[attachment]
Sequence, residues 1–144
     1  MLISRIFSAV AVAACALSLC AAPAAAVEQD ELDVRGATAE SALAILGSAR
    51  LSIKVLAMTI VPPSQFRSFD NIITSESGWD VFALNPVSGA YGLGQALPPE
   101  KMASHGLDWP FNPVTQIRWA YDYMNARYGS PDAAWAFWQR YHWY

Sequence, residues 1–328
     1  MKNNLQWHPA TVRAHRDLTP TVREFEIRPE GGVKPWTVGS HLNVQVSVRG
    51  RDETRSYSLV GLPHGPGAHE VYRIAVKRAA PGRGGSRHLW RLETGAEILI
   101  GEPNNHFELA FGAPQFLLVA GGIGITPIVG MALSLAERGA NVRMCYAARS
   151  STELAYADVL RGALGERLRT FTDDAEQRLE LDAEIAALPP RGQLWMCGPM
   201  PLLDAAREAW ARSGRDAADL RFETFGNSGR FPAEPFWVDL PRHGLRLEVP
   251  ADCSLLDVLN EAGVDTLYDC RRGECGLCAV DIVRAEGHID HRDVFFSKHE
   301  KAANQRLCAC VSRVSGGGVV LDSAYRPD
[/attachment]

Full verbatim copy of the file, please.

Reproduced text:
Sequence, residues 1–144
     1  MLISRIFSAV AVAACALSLC AAPAAAVEQD ELDVRGATAE SALAILGSAR
    51  LSIKVLAMTI VPPSQFRSFD NIITSESGWD VFALNPVSGA YGLGQALPPE
   101  KMASHGLDWP FNPVTQIRWA YDYMNARYGS PDAAWAFWQR YHWY

Sequence, residues 1–328
     1  MKNNLQWHPA TVRAHRDLTP TVREFEIRPE GGVKPWTVGS HLNVQVSVRG
    51  RDETRSYSLV GLPHGPGAHE VYRIAVKRAA PGRGGSRHLW RLETGAEILI
   101  GEPNNHFELA FGAPQFLLVA GGIGITPIVG MALSLAERGA NVRMCYAARS
   151  STELAYADVL RGALGERLRT FTDDAEQRLE LDAEIAALPP RGQLWMCGPM
   201  PLLDAAREAW ARSGRDAADL RFETFGNSGR FPAEPFWVDL PRHGLRLEVP
   251  ADCSLLDVLN EAGVDTLYDC RRGECGLCAV DIVRAEGHID HRDVFFSKHE
   301  KAANQRLCAC VSRVSGGGVV LDSAYRPD